A comparison of two DNA probes, one specific for Plasmodium falciparum and one with wider reactivity, in the diagnosis of malaria.
Holmberg M., Vaidya AB., Shenton FC., Snow RW., Greenwood BM., Wigzell H., Pettersson U.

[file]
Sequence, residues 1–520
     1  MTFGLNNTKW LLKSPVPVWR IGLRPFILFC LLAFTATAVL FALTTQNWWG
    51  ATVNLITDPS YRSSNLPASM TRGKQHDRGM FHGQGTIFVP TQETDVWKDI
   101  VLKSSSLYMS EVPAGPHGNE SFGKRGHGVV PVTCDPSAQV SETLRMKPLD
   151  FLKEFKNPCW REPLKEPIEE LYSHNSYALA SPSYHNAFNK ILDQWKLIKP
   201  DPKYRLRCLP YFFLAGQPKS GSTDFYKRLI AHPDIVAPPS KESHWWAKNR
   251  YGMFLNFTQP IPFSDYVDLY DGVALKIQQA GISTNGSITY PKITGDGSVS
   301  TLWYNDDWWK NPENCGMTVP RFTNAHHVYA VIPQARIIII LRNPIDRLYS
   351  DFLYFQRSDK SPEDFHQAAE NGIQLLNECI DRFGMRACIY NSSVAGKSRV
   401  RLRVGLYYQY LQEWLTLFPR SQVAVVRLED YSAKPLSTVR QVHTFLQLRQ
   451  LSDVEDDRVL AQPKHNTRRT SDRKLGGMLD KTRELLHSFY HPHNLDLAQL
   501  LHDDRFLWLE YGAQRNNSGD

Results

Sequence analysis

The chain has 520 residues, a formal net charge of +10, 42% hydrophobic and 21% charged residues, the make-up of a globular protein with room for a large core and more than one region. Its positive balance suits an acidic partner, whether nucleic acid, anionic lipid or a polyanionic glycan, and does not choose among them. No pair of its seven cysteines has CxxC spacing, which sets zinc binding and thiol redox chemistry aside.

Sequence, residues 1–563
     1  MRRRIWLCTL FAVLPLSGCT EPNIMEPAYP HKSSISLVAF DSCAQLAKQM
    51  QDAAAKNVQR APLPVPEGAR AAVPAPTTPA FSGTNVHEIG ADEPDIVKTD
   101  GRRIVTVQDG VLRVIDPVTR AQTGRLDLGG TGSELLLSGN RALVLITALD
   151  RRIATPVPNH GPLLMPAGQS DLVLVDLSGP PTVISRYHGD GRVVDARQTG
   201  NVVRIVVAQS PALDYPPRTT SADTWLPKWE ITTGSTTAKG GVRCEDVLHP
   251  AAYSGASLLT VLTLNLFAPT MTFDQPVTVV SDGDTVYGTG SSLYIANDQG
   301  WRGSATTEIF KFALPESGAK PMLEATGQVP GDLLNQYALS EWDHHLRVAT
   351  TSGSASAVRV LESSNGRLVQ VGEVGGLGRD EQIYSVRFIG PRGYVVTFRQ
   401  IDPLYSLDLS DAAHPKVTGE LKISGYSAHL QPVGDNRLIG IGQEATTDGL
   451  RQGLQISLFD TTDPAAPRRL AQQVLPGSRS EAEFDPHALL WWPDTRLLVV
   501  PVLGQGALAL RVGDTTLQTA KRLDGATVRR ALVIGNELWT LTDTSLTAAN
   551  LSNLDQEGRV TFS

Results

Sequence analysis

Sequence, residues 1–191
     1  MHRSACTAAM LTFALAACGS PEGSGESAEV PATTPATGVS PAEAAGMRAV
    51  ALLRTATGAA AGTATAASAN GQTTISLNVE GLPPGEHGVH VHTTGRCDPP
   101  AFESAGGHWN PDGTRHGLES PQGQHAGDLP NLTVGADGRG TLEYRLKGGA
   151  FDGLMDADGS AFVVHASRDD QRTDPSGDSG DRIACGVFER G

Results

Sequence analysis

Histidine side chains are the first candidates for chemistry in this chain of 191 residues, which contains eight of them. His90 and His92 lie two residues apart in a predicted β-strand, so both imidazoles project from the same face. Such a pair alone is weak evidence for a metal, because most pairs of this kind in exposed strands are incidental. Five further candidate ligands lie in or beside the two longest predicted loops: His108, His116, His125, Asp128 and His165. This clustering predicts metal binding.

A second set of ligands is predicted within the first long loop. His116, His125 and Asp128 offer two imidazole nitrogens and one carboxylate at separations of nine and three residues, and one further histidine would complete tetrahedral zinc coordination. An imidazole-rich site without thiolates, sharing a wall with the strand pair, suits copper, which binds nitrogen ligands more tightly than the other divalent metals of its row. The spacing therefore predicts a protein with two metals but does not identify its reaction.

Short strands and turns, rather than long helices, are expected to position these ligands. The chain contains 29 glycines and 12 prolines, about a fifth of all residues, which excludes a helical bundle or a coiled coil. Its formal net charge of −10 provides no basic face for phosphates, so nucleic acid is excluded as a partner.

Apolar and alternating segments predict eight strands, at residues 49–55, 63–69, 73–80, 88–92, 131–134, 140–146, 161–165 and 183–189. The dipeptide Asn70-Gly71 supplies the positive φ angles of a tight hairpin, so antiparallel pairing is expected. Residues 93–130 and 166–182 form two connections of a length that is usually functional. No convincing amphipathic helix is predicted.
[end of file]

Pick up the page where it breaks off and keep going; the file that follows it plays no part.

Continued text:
The sensitivity and specificity of 2 probes for the detection of malarial infection was studied. 399 blood samples from Gambian children were tested in a deoxyribonucleic acid (DNA) hybridization assay, and the results compared with the microscopical findings from thick blood films. 8 additional pure Plasmodium malariae and 14 pure P. vivax samples were also assayed. One probe, containing a 21 base pair tandem repeat and highly specific for P. falciparum, detected this species in all except 2 of 74 samples with a parasitaemia of 250 per microliter or more; the overall sensitivity of the probe was 76%. The other probe, a 6 kilobase pair organelle DNA, is conserved in all Plasmodium species so far tested. Its sensitivity for P. falciparum was lower than the 21 base pair repeat, but it detected P. vivax and P. malariae at low levels of parasitaemia, and thus could be useful in field studies.